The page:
Martin Scorsese recently made waves with his controversial comments about the films of the Marvel Cinematic Universe not being what he considers “cinema.” I, as someone who has both MCU films and Scorsese films coexisting on the same shelf, disagree with his sentiments—and I can tell you that I was probably just as intrigued at the original announcement trailer for this film as I was for that of AVENGERS: ENDGAME. That being said, let us see how his latest picture holds up.
World War II veteran Frank Sheeran (Robert De Niro) recalls his time as a hitman for the Bufalino crime family, headed by Russell Bufalino (Joe Pesci), in a series of flashbacks dating back to the 1950s. He also focuses on a period in which he worked for the president of the International Brotherhood of Teamsters, Jimmy Hoffa (Al Pacino), who had financial ties with the Bufalinos and who mysteriously disappeared in 1975.
This film was based on the 2004 nonfiction book “I Heard You Paint Houses” (which serves as something of an unofficial subtitle for the film), with De Niro first spearheading production and bringing Scorsese onboard. Although development of the film began in 2007, it eventually stalled due to numerous rewrites, during which Scorsese directed three other films. A Mexican production company who had a domestic distribution deal with Paramount ultimately backed out due to the film’s climbing budget, and although the fledgling STX Entertainment was also attached for a time, Netflix ultimately stepped in and financed the entirety of the film.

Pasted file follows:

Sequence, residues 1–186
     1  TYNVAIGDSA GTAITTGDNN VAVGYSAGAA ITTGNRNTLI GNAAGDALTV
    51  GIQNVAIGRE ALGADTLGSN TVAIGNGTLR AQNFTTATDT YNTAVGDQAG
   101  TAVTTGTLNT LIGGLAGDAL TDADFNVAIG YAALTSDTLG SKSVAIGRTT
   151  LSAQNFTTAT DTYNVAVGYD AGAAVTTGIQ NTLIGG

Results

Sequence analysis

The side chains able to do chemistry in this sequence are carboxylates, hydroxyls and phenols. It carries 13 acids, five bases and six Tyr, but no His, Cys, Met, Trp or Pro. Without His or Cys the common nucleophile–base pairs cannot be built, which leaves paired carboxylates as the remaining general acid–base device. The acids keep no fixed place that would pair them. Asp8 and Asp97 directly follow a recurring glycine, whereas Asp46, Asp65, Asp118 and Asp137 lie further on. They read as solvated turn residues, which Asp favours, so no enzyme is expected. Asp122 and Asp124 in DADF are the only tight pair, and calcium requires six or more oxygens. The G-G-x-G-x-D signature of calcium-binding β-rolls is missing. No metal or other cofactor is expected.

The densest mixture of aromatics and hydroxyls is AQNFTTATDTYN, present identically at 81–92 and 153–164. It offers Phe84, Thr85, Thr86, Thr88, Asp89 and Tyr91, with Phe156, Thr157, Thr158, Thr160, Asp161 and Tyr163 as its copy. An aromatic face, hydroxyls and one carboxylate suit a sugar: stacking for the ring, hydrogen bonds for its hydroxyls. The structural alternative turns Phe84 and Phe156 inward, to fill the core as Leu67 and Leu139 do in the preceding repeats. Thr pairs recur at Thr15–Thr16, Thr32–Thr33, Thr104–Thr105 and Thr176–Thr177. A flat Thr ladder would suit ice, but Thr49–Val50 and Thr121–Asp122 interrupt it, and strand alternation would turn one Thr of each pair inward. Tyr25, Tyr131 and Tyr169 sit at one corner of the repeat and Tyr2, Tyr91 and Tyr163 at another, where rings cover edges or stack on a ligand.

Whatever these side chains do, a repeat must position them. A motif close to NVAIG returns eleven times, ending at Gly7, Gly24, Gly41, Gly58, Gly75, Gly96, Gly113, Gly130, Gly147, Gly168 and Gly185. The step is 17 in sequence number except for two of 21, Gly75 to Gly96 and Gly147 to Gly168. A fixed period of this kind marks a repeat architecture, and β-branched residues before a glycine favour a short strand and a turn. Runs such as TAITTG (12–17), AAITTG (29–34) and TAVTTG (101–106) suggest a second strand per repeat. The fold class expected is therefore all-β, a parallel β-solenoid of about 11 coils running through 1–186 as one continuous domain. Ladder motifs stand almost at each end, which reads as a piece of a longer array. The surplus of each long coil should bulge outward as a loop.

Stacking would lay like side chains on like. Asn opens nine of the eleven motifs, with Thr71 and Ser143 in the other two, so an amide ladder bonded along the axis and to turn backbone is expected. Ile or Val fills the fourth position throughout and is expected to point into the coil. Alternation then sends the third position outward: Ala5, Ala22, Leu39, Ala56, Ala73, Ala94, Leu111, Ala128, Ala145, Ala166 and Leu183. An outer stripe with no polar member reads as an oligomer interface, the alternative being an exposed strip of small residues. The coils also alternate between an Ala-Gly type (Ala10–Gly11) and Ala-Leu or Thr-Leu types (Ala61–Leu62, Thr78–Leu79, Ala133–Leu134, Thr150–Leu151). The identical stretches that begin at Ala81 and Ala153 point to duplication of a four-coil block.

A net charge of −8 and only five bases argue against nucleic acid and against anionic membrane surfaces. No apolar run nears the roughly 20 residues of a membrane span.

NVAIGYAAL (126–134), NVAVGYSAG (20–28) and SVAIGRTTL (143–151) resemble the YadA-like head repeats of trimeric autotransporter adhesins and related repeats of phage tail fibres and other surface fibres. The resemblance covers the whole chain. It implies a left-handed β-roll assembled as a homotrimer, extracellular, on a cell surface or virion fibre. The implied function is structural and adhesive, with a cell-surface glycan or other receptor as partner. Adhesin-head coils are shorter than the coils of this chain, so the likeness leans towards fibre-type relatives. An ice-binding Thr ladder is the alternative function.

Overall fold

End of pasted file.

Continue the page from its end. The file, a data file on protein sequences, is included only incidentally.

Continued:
Those of you who’ve watched Scorsese’s previous gangster films (and in particular, 1990’s GOODFELLAS, which also starred De Niro and Pesci) can expect very much his signature brand of black comedy-laden crime drama here, as entertaining and profound as ever. The three leads are, of course, absolutely spectacular and memorable; Pesci in particular fits into his role rather well, and it’s good to see him back on the screen in any event. The trio additionally gets a lot of support from a cast including Ray Romano, Anna Paquin, and Harvey Keitel. The production design throughout the film is very much spot-on, and no detail is overlooked when it comes to recreating each scene of yesteryear. While THE IRISHMAN’s 3½-hour running time may be a little off-putting at first (and it certainly must have been to Netflix’s five MPA member counterparts), the story De Niro’s character tells very much warrants the extra length—and I didn’t feel the film dragging for the most part.
Much of the relatively unique nature of this film comes in the de-aging effects as Frank looks back on his past. This process was done digitally by Industrial Light & Magic with the help of a custom three-camera rig comprising one RED Helium camera and two auxiliary Alexa Mini cameras (the only portions of the production not shot on actual film stock), with infrared makeup and flesh-colored tracking markers applied to the actors. This, in turn, helped ease the complex visual effects process—and while it’s not perfect by any stretch, it’s clear that the technology breaks a lot of ground on this film alone.
Yes, perhaps a film like THE IRISHMAN could have come out twenty or twenty-five years ago, maybe even at a length like this (after all, Ted Turner’s 1993 war epic GETTYSBURG clocked in at over four hours long!). But there’s something truly special about this film, and especially this particular set of stars working together, that it was very much worth the wait—especially that spent in development hell. This is a definite recommendation from me. (On a side note, is that Netflix building their Borg cube again after Universal rightfully destroyed it last year…?)